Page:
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Sex, Intimacy, and Diabetes
July 25, 2007
I’ve got a whole new career! What a surprise! I never expected to be a sex educator. My partner and I are giving workshops on Sex and Intimacy in Chronic Illness and Disability. We’ve given some for the Multiple Sclerosis Society and some in the community for people with illness, psychotherapists, ministers, and sex educators.
How did this happen? I was a health educator, nurse, and author writing about self-care and the social causes of illness. I really didn’t think much about sex, except as it related to health.
Strangely, I started getting interested in sex education when I lost interest in sex. My partner and I have been married for over 30 years, and sex had been our main way of connecting. We didn’t communicate very well; we just smoothed differences over with sex. Two or three years ago, I lost most of my ability to have erections. Partly this was due to my multiple sclerosis, and partly because of problems in our relationship, I think. I tried some other ways to be sexual, but mostly I withdrew into working more. Our relationship became more distant; we were more like roommates than we were a couple in love.
It got to the point where my partner started looking for sex in other places. She wasn’t sneaking around or having an affair. She was honest with me and told me everything she was doing. We started communicating better about sex, and this helped us communicate about other things.
I felt a great weight had been lifted from me, because I didn’t have to try to satisfy her when I thought I couldn’t. I was liberated to try some new things. I discovered that I could give her better orgasms with my hands than I ever could, or than anybody else had, with regular intercourse. We got very creative with the use of hands and with help from other body parts, and now our sex life is better than it has ever been, and so is our love.
It turns out that you can do more with hands and/or toys than you can do with an erect penis, which is sort of a one-trick pony—it can only go in and out. It usually misses women’s most responsive, sensitive areas. Most of these involve the clitoris, which actually runs most of the way around the outside of the vagina, and the G-spot, which is just inside in the direction of the belly button. These are easily reached with fingers, thumbs, or hands.
There are a lot of other erotic areas for both women and men. You can find all kinds of ways to give and receive pleasure if you relax, explore, and communicate with each other. I’ve been talking about these methods with other couples, and it works for them, too. One couple, Linda and Jeff, told me they are having the best sex of their lives. This wouldn’t be anything special; lots of married couples say that. But Linda and Jeff are 85 years old!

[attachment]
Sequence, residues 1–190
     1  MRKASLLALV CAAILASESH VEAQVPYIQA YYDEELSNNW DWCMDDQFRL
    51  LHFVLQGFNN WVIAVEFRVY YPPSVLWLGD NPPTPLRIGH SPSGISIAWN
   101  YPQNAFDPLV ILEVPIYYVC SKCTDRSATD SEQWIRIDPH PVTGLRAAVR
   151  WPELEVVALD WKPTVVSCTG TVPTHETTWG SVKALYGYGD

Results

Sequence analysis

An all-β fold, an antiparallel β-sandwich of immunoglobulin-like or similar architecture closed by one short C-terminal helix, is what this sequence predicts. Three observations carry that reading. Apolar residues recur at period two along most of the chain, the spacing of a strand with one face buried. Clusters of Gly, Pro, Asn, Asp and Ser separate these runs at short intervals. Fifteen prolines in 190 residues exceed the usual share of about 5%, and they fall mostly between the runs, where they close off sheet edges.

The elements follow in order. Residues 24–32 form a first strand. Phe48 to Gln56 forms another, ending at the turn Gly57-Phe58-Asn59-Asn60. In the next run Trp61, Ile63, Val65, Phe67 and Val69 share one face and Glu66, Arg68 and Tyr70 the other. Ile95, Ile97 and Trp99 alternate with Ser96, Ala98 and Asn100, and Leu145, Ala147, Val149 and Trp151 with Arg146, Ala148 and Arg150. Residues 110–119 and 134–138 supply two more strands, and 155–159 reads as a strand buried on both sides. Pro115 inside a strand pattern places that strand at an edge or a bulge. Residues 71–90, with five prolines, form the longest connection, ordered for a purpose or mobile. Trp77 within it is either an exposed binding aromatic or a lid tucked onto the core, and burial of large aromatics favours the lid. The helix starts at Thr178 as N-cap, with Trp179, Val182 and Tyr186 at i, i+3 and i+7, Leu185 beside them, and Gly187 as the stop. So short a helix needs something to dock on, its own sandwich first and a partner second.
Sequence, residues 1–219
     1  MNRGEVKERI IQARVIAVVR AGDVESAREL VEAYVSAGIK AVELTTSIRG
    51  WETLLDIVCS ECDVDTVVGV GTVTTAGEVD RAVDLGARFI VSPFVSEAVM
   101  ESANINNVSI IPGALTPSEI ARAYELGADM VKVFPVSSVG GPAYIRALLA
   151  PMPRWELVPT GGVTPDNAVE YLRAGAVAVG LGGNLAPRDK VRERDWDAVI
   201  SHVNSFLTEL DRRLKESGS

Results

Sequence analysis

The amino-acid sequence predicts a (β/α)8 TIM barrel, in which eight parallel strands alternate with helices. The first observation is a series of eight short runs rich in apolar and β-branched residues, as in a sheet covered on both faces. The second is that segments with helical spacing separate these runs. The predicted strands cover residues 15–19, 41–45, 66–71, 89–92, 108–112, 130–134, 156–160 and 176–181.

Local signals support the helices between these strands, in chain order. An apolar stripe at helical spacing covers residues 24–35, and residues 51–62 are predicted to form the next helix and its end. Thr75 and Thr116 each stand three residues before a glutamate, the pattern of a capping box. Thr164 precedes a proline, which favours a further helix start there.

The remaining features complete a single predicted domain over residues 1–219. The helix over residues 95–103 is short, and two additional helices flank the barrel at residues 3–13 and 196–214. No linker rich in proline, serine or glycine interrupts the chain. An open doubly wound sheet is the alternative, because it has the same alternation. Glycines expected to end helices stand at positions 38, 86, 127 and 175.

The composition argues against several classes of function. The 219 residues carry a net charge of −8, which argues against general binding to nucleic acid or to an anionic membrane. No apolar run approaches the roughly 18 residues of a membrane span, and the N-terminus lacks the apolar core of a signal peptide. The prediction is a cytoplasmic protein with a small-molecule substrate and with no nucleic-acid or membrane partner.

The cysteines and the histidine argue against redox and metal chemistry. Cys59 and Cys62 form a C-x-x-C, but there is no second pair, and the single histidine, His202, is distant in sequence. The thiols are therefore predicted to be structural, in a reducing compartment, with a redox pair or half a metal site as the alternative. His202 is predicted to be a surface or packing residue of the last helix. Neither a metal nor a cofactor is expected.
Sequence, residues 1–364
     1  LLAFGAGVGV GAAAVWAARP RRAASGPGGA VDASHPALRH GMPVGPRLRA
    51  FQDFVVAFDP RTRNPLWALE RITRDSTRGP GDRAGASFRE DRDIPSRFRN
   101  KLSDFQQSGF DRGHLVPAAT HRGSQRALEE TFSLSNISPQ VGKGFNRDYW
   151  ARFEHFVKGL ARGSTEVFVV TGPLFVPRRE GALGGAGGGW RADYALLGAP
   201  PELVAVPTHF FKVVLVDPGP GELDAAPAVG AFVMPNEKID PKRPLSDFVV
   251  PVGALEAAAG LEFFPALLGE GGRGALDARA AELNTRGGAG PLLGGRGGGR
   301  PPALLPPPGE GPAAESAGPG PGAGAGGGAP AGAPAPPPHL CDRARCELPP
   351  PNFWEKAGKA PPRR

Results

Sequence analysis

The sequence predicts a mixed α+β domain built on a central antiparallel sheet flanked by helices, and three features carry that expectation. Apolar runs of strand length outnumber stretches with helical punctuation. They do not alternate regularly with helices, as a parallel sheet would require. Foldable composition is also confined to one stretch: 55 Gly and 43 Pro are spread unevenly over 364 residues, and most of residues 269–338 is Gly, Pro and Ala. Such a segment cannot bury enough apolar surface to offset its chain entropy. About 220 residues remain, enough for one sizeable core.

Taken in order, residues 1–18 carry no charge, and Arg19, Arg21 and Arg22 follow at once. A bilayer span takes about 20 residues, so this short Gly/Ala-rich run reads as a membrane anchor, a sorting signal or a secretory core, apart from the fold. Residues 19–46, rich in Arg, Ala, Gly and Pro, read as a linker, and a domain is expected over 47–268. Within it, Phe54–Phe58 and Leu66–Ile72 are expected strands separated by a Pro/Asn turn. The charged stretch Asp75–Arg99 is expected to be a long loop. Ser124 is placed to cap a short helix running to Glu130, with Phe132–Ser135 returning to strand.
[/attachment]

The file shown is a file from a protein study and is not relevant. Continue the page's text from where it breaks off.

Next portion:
If it works for them, it could work for you. Many people with diabetes have sexual problems, and loss of sex really can knock a hole in your relationship and your quality of life. A lot of men get erection problems; a lot of women have vaginal dryness, frequent yeast infections, and loss of sensitivity. Many doctors are not comfortable talking about sex beyond prescribing drugs like sildenafil (brand name Viagra). It may be hard to find help from either medical or psychological professionals.
A lot of these problems can be resolved with better blood glucose control. But many can also be resolved by learning some alternative ways to do sex—things you can do with your hands, mouth, or other body parts, and places you can stimulate like the G-spot, prostate, and other sensitive organs. Use more supports, whether medicines, lubricants, or toys. Try new, easier positions as ways of dealing with fatigue, pain, and other health-related problems.
I’m planning to write about these issues occasionally in the coming weeks. What sex questions would you like answered? How has diabetes affected your sex life? How have changes in your sexual relationship affected other areas of your life? Post ideas or questions here, or visit me at www.davidsperorn.com.
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